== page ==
My interview and subsequent profile of a local county official had gone dreadfully, but I thought the work I showed Bloom was just shy of transcendent. The article swarmed with clichés, truncated thoughts, and, for reasons still unclear, a three-paragraph stream-of-consciousness section intended to convey "what it all meant" that I found positively profound.
Bloom handed me back the piece, bleeding in blue ink. The word "rewrite" stretched across the bottom. "Reads like a puff piece," he told me, though I had no idea what a "puff piece" was. The journalistic lesson, however, was clear: No one reads PR.
Now six years later, Bloom made thousands of enemies in Iowa last week for a piece that's anything but PR. In his article on The Atlantic's website, Bloom -- who's originally from New Jersey and clocked time in the Bay Area -- called Iowa a place that's "culturally backward" (wam!) and teeming with "slum towns" (pow!). Bloom, 60, went on to question Iowa's undisputed role as national kingmaker in presidential politics. He insinuated that a homogenous state of white hunters and casserole-gobblin' football fanatics doesn't represent our free-wheeling, wildly diverse nation. (Full disclosure: I enjoy both casseroles and football.)
Bloom, who has taught journalism in Iowa for nearly 20 years, also got dinged on accuracy. He said Iowa is 96 percent white; the figure is actually 91.3 percent, according to the 2010 Census. He also incorrectly harpooned the local newspaper the Cedar Rapids Gazette, which I once wrote for, for a banner headline about Easter it never ran (though the phrase he recalled did in fact appear on its A1 that day). He additionally asserted that Iowa will likely rescind gay marriage, when that's very much in question.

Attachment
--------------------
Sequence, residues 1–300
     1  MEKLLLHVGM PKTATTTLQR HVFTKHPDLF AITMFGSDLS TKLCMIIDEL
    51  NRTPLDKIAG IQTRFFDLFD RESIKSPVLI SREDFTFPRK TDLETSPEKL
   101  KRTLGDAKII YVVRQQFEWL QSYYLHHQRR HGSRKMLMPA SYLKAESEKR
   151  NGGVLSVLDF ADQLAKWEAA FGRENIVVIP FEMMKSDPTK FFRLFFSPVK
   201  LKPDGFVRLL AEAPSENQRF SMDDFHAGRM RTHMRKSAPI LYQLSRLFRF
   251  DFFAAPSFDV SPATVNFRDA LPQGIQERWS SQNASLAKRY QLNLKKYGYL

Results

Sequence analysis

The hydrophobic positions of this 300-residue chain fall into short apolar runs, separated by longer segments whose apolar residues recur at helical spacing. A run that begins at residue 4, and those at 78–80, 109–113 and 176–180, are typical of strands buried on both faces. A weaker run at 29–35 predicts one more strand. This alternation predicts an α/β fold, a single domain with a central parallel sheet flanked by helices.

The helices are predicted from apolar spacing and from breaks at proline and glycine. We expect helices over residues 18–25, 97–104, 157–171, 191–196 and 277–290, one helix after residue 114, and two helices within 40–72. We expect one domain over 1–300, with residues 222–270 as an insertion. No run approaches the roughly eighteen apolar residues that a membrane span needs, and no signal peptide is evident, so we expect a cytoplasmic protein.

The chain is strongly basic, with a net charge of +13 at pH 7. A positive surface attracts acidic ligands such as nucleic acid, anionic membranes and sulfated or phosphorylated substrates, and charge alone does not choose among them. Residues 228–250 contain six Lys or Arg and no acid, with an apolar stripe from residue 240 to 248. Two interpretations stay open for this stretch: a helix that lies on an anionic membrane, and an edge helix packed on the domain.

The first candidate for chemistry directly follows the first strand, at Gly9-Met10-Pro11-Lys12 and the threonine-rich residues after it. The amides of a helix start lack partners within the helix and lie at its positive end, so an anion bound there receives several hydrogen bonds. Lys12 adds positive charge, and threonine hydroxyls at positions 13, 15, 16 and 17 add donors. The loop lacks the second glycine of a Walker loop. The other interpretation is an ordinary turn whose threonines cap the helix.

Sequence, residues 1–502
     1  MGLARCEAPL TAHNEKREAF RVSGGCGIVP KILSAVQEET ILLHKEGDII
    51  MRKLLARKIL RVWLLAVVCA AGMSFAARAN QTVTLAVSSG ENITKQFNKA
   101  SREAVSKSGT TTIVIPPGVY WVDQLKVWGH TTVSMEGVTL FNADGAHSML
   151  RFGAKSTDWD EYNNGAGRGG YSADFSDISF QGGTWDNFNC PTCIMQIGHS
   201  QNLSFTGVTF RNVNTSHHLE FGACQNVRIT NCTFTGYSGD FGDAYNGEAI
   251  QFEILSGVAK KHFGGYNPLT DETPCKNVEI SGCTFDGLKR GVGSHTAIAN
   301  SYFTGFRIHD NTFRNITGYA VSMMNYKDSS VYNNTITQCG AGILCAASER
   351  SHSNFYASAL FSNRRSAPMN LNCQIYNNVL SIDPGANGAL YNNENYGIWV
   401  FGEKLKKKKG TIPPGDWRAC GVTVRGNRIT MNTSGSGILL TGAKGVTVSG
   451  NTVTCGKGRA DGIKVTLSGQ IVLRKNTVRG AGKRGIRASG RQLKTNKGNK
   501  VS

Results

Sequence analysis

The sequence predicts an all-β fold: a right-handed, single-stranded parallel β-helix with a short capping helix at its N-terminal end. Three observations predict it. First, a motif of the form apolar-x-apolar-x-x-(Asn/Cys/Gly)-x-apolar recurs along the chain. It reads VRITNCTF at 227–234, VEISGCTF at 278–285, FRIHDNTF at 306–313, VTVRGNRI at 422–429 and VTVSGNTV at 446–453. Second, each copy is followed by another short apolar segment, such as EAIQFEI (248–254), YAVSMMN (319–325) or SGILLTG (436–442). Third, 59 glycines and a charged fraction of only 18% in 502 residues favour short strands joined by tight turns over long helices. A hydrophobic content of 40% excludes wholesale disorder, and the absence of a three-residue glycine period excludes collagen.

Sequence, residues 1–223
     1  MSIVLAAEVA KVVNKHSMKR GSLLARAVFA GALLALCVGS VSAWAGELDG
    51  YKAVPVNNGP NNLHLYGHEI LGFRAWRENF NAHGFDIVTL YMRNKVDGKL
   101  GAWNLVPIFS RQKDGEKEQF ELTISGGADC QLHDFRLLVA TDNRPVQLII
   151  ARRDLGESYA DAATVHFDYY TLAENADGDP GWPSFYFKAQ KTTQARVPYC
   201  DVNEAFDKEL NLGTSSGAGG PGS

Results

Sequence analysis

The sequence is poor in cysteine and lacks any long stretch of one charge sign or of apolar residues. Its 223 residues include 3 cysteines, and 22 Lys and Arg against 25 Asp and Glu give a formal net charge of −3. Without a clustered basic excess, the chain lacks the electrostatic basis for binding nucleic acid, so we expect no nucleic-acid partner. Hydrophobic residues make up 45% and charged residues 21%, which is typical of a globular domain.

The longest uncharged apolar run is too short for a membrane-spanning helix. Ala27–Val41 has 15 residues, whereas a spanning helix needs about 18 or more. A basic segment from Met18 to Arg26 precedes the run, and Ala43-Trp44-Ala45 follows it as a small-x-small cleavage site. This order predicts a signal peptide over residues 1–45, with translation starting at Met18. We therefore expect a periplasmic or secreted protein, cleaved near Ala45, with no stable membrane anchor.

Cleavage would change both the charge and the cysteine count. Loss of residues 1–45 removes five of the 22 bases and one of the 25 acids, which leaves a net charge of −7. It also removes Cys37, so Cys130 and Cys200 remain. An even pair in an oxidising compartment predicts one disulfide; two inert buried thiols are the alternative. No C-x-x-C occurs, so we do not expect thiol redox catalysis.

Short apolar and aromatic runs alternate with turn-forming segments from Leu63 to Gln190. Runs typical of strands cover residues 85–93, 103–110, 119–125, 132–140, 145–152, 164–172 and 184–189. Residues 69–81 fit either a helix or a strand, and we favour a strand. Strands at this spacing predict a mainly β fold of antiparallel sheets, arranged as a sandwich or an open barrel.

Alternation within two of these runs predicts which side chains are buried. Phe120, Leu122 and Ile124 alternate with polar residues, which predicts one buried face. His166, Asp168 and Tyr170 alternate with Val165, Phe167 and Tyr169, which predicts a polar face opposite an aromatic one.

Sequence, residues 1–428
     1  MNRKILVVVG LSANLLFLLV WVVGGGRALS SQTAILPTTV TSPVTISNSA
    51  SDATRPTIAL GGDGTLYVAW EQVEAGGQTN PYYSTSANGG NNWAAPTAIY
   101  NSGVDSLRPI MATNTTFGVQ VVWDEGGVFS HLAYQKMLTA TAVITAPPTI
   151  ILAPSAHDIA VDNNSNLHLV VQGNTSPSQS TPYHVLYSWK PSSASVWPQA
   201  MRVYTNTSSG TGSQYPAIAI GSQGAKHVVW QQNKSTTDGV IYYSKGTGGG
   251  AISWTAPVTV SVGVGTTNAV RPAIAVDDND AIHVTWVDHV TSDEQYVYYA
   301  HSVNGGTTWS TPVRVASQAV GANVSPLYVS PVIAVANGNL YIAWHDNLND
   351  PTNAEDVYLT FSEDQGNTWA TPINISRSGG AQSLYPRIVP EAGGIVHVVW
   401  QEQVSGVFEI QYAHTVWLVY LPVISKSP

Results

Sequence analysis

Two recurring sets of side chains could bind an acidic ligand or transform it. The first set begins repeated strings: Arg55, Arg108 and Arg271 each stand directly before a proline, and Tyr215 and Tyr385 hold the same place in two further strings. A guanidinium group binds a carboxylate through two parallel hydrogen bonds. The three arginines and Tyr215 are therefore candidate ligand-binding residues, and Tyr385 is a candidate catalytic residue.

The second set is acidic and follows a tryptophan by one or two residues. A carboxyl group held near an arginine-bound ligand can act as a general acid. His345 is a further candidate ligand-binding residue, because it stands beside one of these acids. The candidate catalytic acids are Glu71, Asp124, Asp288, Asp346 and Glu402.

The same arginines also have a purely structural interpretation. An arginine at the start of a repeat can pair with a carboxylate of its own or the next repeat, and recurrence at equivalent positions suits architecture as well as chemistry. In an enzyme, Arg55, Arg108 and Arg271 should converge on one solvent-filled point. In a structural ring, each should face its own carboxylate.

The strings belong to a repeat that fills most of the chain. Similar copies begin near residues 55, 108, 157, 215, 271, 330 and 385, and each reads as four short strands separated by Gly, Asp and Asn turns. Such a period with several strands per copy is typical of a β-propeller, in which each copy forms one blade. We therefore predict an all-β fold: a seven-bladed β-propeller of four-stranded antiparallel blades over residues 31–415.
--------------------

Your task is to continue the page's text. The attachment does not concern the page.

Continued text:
And a great furor across the heartland did awaken. Dude's getting hate from all sides. Nearly 1,500 comments have spawned below his column, many of them angry, vindictive, and aimed at Bloom himself. One of his fellow professors unleashed some profanity-laden tirades on his Facebook wall that, among other things, called Bloom smug, self-important, and a "horrible, horrible human being."
By heating up the truths of this somnolent state, Bloom brought to bear the fire of the inquisitor, fostering probing questions most Iowans would likely rather ignore: Is the state really as idyllic as everyone thinks? Why does a place that bears little resemblance to the greater nation afforded such prominence in selecting our presidents? How come its college graduates, like the ones Bloom's spent two decades teaching, flee Iowa in droves for more urbane communities?
Bloom knew how angry Iowans would be. The day his article hit the web, December 9, he e-mailed me the link with the note, "My order of Kevlar clothing hasn't arrived yet ... but I think I might need it."